Omirokusama Shrine – Tosa, Japan - Atlas Obscura

Omirokusama Shrine

Tosa, Japan

Plagued with warts? Leave a frog at this small shrine in the city of Tosa, and you may be cured. 

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Move over cat temple, there’s a new animal in town. From the outside, this little shrine in Tosa City, Kochi Prefecture does not appear particularly special, resembling thousands of similar local shrines around Japan. However, once you pass under the low torii gates, you are thrown into a  world of green… as in, “it’s not easy being green.”

The shrine is thought to date back to 1899, when a local farmer came across a tiny shrine in his field after a typhoon. He dug it out, and after returning home placed it under the eaves of his storehouse. However, his household soon became plagued with warts and other unpleasant skin ailments. At his wit’s end, the man went to seek counsel at another famous shrine. After explaining his issue to the Shinto priest, he was told that the god in the small shrine wished to be placed somewhere else. 

To placate the unhappy spirit, the farmer built a shrine for the sacred object in 1901. As the whole family began paying their respects and praying at the new shrine, all their warts and skin issues started to miraculously disappear! The enshrined god became known as a curer of warts, attracting those in seek of solace from across the country.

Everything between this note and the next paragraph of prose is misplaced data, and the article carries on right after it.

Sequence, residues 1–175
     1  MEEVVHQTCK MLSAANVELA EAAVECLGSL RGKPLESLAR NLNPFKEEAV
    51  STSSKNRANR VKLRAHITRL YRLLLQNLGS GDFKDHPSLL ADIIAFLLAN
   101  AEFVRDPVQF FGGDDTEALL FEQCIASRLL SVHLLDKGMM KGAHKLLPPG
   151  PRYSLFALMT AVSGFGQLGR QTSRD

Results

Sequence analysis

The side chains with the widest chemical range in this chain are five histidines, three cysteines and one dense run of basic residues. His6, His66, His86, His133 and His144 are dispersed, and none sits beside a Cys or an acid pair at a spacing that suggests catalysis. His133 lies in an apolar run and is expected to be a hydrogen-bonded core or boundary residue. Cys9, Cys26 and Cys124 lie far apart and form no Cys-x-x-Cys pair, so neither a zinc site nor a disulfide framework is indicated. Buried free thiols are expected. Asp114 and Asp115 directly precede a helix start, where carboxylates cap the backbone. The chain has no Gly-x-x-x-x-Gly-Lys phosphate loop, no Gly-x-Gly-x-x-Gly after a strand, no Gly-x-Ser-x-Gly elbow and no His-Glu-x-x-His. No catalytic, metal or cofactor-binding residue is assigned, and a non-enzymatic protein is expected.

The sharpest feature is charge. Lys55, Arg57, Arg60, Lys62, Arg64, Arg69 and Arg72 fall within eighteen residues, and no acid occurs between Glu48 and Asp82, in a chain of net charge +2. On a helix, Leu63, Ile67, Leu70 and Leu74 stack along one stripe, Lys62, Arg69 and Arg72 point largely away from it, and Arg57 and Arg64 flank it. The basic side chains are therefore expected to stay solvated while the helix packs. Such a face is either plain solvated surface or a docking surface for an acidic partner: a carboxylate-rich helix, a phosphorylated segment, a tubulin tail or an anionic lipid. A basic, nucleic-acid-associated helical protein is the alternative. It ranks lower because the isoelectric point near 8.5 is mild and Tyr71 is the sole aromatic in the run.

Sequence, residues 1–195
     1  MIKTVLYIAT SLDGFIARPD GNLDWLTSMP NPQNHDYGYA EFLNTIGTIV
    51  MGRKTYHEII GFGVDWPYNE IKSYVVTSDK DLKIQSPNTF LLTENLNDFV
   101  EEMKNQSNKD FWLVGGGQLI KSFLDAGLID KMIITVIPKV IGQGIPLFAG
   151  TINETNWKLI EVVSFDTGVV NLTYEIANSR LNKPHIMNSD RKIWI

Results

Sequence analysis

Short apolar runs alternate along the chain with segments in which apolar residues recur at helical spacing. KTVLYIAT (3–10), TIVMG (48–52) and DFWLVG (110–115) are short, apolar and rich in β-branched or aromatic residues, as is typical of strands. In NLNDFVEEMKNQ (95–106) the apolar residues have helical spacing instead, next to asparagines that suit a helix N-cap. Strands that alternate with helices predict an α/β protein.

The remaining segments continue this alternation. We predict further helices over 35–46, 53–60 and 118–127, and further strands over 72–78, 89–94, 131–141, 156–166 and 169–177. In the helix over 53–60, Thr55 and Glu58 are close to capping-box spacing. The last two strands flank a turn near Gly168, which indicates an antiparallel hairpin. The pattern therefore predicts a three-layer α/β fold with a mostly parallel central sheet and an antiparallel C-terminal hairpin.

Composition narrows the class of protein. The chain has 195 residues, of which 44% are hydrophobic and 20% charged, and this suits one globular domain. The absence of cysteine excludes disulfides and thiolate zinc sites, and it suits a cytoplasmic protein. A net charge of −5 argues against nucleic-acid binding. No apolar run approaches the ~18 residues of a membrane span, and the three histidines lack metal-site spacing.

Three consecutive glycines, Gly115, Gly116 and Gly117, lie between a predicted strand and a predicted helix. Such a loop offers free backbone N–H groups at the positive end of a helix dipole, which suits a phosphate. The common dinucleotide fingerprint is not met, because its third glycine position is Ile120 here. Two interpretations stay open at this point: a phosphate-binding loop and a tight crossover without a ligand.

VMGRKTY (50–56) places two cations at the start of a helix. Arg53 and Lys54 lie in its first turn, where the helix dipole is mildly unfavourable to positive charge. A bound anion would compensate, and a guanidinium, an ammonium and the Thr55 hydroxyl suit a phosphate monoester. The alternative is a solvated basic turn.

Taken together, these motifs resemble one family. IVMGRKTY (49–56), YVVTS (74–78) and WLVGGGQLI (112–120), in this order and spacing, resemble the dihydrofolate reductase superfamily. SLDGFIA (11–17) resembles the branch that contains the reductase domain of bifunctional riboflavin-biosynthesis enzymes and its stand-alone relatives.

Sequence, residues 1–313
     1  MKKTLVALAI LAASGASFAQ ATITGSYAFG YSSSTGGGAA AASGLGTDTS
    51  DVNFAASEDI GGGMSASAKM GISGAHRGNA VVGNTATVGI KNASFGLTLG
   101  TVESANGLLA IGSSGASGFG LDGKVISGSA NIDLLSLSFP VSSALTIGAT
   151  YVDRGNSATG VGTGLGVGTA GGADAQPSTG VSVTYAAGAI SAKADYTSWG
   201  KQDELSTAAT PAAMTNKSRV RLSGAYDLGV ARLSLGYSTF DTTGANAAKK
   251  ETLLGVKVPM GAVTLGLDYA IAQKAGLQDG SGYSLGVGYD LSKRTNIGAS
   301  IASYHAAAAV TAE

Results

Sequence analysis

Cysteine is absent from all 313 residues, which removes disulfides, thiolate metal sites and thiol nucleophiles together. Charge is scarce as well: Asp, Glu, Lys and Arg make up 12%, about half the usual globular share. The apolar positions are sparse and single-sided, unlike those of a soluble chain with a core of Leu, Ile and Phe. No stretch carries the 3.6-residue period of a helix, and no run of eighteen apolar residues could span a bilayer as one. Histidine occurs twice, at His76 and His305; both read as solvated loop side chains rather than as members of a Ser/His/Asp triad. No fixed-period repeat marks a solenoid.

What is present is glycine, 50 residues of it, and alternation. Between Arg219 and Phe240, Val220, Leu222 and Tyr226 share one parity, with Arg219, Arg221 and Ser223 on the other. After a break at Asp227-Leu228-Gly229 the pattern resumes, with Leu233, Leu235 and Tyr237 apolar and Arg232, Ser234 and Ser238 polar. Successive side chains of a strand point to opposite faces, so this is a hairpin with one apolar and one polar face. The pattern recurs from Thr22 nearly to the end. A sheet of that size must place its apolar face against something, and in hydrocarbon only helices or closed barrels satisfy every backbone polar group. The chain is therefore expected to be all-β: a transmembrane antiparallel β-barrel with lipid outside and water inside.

Grateful supplicants began leaving frog-themed gifts to the god, likely inspired by the amphibians’ wart-like skin. There are clearly a lot of happy, wart-free folks around, going by the sheer number of frog statues, stuffed animals, and figurines stuffed into every corner of the shrine. From surprisingly realistic ceramic statuettes to beloved frogs from cartoons, visitors are sure to be stunned by the sheer quantity of variations on the frog (and toad) theme.

Frog-lovers (and wart-suffers) alike can stop by on their way to the Niyodo River, or when checking out the famous hydrangeas of the nearby town of Haruno.

Know Before You Go

The shrine is tucked along a bend of the Niyodo River, about a 30 minute drive from central Kochi City. There are some buses that run to the hearby town of Haruno, for those without wheels.

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